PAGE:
Governor Pat McCrory has continued to challenge voter results in North Carolina in a bid to prevent his challenger, state Attorney General Roy Cooper, from winning the election. The race is considered too close to call currently, but Cooper has held a steady and growing lead over McCrory.
McCrory can call for a statewide recount if the difference is below 10,000 votes and Cooper currently leads by around 7,000. McCrory’s strategy until then, however, is to challenge votes and dismiss votes by proving voter fraud.
One major question was over how to count votes by people who had claimed to have registered at Department of Motor Vehicles offices. A federal judge said that the votes must be counted unless there is written evidence that the people did not want to register.
McCrory has challenged the results in over half the countries, but some of his challenges have been dismissed. Several have been dismissed unanimously by the county board of elections which include Republicans. McCrory did find success in challenging the results in Bladen County and the state board voted to take full jurisdiction over the matter. The campaign is alleging that ballots were unlawfully cast, primarily mail-in ballots.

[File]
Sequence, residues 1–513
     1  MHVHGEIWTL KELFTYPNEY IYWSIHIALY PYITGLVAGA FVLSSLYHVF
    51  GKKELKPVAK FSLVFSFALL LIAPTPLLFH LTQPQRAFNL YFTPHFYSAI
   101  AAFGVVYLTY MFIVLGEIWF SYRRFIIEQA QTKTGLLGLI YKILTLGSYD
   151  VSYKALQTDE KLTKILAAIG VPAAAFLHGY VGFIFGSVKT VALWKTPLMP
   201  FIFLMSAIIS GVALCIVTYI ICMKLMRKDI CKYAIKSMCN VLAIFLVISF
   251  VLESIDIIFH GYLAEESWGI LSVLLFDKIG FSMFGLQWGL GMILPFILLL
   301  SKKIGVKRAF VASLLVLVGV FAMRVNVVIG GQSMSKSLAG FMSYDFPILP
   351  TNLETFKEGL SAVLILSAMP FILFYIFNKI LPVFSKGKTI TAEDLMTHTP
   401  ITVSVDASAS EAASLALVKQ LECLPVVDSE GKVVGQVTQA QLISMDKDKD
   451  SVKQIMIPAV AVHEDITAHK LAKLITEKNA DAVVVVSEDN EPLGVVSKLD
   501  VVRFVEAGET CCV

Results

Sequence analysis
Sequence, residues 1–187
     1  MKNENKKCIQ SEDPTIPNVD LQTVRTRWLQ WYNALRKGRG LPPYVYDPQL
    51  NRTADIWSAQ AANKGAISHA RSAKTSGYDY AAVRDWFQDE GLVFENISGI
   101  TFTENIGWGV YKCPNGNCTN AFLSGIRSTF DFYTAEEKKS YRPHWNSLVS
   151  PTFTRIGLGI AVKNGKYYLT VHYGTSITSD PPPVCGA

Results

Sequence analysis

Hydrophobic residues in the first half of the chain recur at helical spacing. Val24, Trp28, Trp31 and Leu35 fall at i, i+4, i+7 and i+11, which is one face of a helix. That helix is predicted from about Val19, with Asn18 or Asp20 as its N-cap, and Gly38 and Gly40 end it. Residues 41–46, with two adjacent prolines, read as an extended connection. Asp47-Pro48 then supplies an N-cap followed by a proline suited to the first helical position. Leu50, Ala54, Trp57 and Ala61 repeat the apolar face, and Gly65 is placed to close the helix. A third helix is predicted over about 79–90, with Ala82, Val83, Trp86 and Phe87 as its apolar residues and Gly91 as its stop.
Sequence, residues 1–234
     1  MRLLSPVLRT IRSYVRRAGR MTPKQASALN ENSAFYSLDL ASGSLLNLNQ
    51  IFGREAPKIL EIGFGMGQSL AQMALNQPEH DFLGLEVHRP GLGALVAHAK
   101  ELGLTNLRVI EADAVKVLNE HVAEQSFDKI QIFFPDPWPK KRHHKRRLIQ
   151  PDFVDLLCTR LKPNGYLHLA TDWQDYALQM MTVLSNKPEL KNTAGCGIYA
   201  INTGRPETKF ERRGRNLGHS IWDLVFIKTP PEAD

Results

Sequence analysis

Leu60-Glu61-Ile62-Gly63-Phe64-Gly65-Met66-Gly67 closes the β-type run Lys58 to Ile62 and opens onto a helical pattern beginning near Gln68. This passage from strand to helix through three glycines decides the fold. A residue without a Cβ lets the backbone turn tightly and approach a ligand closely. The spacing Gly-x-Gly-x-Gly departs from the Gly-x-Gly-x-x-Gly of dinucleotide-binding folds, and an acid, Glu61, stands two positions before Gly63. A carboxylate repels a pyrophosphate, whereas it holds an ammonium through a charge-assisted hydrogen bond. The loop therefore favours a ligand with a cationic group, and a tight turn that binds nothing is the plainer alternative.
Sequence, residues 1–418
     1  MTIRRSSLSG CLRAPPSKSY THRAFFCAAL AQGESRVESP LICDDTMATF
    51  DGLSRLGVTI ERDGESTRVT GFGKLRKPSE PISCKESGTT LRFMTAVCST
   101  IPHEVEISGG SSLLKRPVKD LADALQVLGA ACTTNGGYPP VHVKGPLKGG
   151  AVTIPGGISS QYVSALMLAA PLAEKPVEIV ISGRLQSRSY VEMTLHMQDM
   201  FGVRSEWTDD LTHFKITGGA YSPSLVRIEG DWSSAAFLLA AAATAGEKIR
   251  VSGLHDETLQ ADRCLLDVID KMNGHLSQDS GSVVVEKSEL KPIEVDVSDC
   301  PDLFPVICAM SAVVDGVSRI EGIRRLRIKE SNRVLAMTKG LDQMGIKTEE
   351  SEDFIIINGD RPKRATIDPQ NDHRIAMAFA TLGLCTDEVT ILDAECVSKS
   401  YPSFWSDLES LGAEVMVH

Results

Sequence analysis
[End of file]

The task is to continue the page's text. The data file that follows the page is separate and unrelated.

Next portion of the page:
The governor has also accused African-American voter outreach groups of breaking election law. The groups are the subject of several ballot challenges by McCrory and his team. At issue is how volunteers did not sign the disclosure when helping others fill out the ballot.
Also at play is a state law allowing the legislature to pick the winner of an election where there are serious concerns. The legislature is Republican-controlled and would be expected to pick Governor McCrory.
House Speaker Tim Moore dodged the question on Tuesday when asked if the state legislature would step in. “The media has certainly covered the constitutional provision that gives the General Assembly the authority to weigh in on that, but given that the elections are not finalized at this point, I think further comment would be premature.”